“What is this thing? And why should I care?”

When you have a product ready to go to market, these are important questions to answer.

The answers to these questions help you figure out how your product is the best in the world at providing something that a certain set of customers care a lot about.

These answers determine your positioning.

April Dunford, founder of Ambient Strategy and market positioning consultant, spoke about the importance of market positioning at Content Jam in Chicago.

Market positioning is one of the most misunderstood concepts in marketing. When you think about market positioning you might think of:

  • A tag line
  • Point of view
  • Vision
  • Brand
  • Messaging
  • “Marketing”
  • Go to market strategy

But none of these things are positioning. Ideally, all of these things flow from positioning. It’s the context setting for products.

What does ‘market positioning’ mean?

April broke it down for us.

Customers use what they already know to make sense of what they don’t.

Customers use what they already understand to make sense of new things (your product) that they don’t already understand.

Positioning is a powerful tool you can use to help your customers understand the new thing (your product). Market positioning sets off a set of assumptions in the mind of customers about what the product is all about.

SO

If you position your new product in an inaccurate market category, the customer’s assumptions will be inaccurate. If that happens, your sales and marketing teams will have to undo the damage of the inaccurate positioning and assumptions.

Not ideal.

An alternative approach is to accept the weak positioning. Run with it. Why not?

April tells us why not. If your positioning is weak and inaccurate, nobody will understand the product or service because their assumptions are all wrong. If they don’t understand the product or service, chances are they won’t want to buy it either.

It doesn’t matter how genius your marketing is if nobody understands what you’re marketing.

With this in mind, it’s shocking that we’re rarely deliberate when we choose the market category.

Example: What if I told you your database is not a database?

April’s eyes opened to the power of market positioning when her company’s new database was falling flat for potential customers.

Their database could complete complex data queries in record time. What used to take several hours was done in minutes! The product was a miracle. It was time to take the ‘database’ to market.

Sales meeting after sales meeting ended without result. April watched as her prospect’s eyes glazed over at the mention of a “new database”. Her sales rep gave presentations to an audience that had switched off in the first few minutes.

Why?

Their prospects already had a database! As soon as they heard ‘database’ it was over. The context was given and assumptions were made.

Their product was amazing, but that didn’t matter because they had positioned themselves out of the conversation.

Until one meeting.

The sales rep finished presenting and the prospect was confused.

“This isn’t a database!”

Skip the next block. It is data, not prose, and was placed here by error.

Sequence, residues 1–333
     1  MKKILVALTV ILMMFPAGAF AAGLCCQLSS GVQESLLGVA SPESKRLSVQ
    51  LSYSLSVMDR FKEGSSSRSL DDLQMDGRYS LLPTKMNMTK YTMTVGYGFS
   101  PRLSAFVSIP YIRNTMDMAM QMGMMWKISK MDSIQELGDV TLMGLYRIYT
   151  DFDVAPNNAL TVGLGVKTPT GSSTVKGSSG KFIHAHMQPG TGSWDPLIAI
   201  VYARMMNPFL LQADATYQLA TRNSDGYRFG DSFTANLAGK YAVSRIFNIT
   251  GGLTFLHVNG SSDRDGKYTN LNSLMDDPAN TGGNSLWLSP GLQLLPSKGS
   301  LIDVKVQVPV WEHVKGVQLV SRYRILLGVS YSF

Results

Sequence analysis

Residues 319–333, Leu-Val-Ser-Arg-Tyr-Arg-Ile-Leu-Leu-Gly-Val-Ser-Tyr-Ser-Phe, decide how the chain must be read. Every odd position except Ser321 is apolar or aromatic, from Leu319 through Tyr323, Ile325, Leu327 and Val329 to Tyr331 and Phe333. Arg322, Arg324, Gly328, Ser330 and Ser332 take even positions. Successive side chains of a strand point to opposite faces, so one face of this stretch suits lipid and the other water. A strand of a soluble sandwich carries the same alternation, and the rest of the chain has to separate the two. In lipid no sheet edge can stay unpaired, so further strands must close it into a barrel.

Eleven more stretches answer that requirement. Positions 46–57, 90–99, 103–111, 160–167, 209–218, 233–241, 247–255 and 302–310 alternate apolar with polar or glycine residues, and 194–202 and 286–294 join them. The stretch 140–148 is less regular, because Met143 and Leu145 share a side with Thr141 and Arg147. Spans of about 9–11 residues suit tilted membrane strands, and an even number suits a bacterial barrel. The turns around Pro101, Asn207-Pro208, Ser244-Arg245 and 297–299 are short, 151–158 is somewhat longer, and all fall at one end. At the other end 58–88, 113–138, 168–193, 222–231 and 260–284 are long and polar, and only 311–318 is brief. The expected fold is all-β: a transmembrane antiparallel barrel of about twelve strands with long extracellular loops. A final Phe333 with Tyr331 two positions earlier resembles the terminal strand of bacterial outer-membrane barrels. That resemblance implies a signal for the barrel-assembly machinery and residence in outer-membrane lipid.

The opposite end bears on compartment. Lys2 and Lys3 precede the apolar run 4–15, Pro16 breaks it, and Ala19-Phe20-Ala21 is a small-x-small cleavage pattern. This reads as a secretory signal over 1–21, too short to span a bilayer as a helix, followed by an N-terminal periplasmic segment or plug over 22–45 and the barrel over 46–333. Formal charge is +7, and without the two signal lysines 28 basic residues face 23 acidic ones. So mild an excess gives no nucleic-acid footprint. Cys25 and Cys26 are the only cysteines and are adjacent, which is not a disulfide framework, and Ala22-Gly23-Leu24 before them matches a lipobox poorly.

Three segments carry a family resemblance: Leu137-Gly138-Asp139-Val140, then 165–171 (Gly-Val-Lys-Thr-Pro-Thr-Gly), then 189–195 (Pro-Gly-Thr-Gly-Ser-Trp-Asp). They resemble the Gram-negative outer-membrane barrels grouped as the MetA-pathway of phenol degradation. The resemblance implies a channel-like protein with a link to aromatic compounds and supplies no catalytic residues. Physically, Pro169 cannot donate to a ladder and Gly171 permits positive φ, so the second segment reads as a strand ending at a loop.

What do you mean? Of course it’s a database! It’s our database!

“Well… you do this one analytics thing really really well. You’re not a database, you’re a… business intelligence tool.”

There might be something to that. April and the team went back to the drawing board. They repositioned from a database to a business intelligence tool and their growth exploded. The growth continued and the company was acquired for a lot of money.

All it took was some repositioning with the potential customer in mind.

From traditional to customer-centric

The traditional positioning statement looks something like this:

“For [target market], [our offering] is a [market category] which provides [benefits] unlike [competitor].”

There are 5 components to this:

  1. Market category
  2. Competitive alternatives
  3. Unique attributes
  4. Customer segments
  5. Value

Each component is connected to the others. Your market category connects to your competitive alternatives, customer segments, and your value. Your unique attributes help determine your value and your customer segments.

For example, if you’re in the automobile category, your competitive alternatives are:

  • Ford
  • Chevrolet
  • GM
  • Honda
  • Toyota

OR

  • Porsche
  • Audi
  • BMW
  • Mercedes-Benz

Your value and unique attributes help make that distinction.

To bring some clarity to the positioning process, April introduced customer-centric positioning.

Customer-centric positioning is done in 5 steps. List your:

  • Competitive alternatives
    • If you didn’t exist, what would customers use? (HINT: This might not be your competitors – it could be a spreadsheet or an intern)
  • Key unique attributes
    • What features/capabilities do you have that alternatives do not?
  • Value
    • What value do the attributes enable for customers?
  • Customers that care
    • Who cares a lot about that value?
  • Market you win
    • What context makes the value obvious to your target segments?

If you follow this process, your market category will be accurate and your potential customers won’t be confused.

Conclusion: Position Deliberately

Mis-positioning a product is an all too common mistake with massive consequences. We think we know our product. We assume the market category, customer segment, and value without considering key details about our customers.

The result?

  • Missed opportunities
  • Confused potential buyers
  • Untold value left on the table

But you can avoid this fate if you’re deliberate in the positioning process.

You can also read April’s book, Obviously Awesome, and nail product positioning so that customers:

  • Get it
  • Buy it
  • Love it